Drabble, Margaret. The Oxford Companion to English Literature. New York: Oxford UP, 1985. 90.

Thrall, William Flint, and Addison Hibbard and C. Hugh Holman. A Handbook to Literature. New York: The Odyssey Press, 1960. 174-175.

Plot Summary

Long ago, at the beginning of creation, two brothers, Cain and Abel lived peacefully, until Cain killed Abel, starting a blood-feud of kin-murder. This legacy of kin-murder was passed down through time, for the murder split the bloodline into two groups: Abel's, whose decendants were human, and Cain's, whose descendants were monstrous and sub-human.

The poem Beowulf begins with this legacy of kin-murder and revenge. In Denmark, an evil monster, Grendel, who is ritually ravaging his kingdom, torments King Hrothgar. Currently, the monster breaks into the castle and eats as many of Hrothgar's men as he can stomach each night. Beowulf, a noted and respected warrior from Geatland, arrives with a ship of his warriors to assist King Hrothgar in stopping Grendel. King Hrothgar accepts Beowulf's pledge to kill Grendel. That night, Grendel comes to the castle and kills some of the men, devouring them. Beowulf meets Grendel, and a battle ensues--Beowulf uses no weapon against Grendel, and fighting barehanded, rips off his arm. Grendel escapes, but when he returns to his underwater lair, he dies. King Hrothgar is utterly grateful to Beowulf for killing Grendel. Grendel's arm is hung in the battlehall as a trophy of his bravery and the victory of mankind over monster.

The danger has not passed; Grendel's mother has become enraged by her son's death. She comes late one night to King Hrothgar's battlehall, grabs one man, eat him, and flees. She also retrieves her son's arm, which had been hanging in the hall as a trophy. Hrothgar is anxious and upset, and calls on Beowulf to aid them once again, offering him much gold and treasure, as well as alliance with his people, for doing battle with Grendel's mother. Beowulf travels with his men to the evil fiery lake where Grendel's mother lives. Beowulf makes a great speech about bravery, citing that God will look after him in his deed, and leaps into the lake wearing armor and carrying a great sword. Beowulf swims down through the lake for many hours, finally coming upon Grendel's mother. They fight for a brief time, Grendel's mother batters Beowulf around, but is unable to harm him through the armor. Beowulf finds his sword to be useless against Grendel's mother, and she swims to her underwater battlehall with him in tow. There, they continue to fight, until Beowulf takes a giant sword off the wall of the battlehall and cuts off her head, killing her. The sword is a magic sword, created by ancient monsters and giants at the beginning of creation. He swims to where Grendel's arm is located and finds the dead Grendel, whose head he decapitates as well, and takes with him as a trophy.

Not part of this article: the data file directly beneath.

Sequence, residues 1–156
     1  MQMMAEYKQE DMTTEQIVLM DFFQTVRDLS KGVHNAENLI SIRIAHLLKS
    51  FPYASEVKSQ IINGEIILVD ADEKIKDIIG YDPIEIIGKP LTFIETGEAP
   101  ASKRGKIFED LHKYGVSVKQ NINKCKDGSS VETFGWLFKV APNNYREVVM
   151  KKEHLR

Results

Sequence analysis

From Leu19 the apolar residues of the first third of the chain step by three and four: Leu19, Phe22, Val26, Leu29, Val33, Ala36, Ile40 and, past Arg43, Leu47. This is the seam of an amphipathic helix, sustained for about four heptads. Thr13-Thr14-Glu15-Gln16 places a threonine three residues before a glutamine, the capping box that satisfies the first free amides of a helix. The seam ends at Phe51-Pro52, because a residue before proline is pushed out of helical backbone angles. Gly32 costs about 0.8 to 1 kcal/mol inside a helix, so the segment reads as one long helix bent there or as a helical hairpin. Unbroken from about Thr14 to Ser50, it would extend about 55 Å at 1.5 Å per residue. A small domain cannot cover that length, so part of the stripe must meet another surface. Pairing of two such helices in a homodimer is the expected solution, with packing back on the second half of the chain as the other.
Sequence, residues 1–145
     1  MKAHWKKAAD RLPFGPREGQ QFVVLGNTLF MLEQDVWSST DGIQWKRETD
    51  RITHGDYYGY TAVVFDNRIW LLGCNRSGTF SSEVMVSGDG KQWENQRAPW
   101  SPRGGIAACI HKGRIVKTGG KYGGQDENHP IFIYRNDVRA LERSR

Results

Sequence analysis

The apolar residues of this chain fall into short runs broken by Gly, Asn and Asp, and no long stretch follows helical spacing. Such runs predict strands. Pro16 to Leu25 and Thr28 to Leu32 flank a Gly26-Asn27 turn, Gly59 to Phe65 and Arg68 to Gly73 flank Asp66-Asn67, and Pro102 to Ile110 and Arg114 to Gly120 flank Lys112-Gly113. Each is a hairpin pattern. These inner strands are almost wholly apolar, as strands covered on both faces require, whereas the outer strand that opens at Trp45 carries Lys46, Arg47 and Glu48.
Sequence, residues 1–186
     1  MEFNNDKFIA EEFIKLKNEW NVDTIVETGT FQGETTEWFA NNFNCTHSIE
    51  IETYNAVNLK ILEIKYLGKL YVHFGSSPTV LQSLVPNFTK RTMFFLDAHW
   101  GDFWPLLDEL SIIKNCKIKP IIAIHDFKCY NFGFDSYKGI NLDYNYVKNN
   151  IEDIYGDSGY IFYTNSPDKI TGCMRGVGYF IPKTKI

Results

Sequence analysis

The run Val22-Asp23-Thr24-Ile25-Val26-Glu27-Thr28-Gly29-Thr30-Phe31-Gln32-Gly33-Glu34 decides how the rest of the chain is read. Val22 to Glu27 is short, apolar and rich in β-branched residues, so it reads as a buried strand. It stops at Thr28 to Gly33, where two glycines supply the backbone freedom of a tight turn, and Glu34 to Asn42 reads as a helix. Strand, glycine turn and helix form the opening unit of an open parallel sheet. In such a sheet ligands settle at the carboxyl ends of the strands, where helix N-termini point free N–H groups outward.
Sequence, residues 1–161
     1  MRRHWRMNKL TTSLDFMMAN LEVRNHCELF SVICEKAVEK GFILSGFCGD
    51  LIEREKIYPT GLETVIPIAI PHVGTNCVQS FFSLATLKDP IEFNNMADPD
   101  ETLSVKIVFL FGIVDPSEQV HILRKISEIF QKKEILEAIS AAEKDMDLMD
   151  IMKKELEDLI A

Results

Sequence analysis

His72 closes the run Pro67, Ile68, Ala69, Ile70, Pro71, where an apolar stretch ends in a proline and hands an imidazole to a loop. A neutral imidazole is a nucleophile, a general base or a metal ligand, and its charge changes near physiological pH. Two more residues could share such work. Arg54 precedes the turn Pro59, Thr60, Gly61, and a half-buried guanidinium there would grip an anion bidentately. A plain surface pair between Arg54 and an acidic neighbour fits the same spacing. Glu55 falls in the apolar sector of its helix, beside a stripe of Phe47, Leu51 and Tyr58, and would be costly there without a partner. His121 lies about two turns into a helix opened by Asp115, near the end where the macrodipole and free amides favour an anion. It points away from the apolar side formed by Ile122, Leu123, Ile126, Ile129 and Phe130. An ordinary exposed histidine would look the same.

Beowulf swims back through the fiery lake to his men who are waiting for him. Hrothgar's men have already left, sure of Beowulf's defeat. Beowulf's men rejoice, and Beowulf goes back to Hrothgar's battlehall. Hrothgar names him as one of their friends and rewards him with gold and important advice about being a king. Beowulf and his men leave on their ship to go back to Geatland and King Higlac. Beowulf gives his King all the treasure and great weapons he received. Higlac rewards him with a great sword.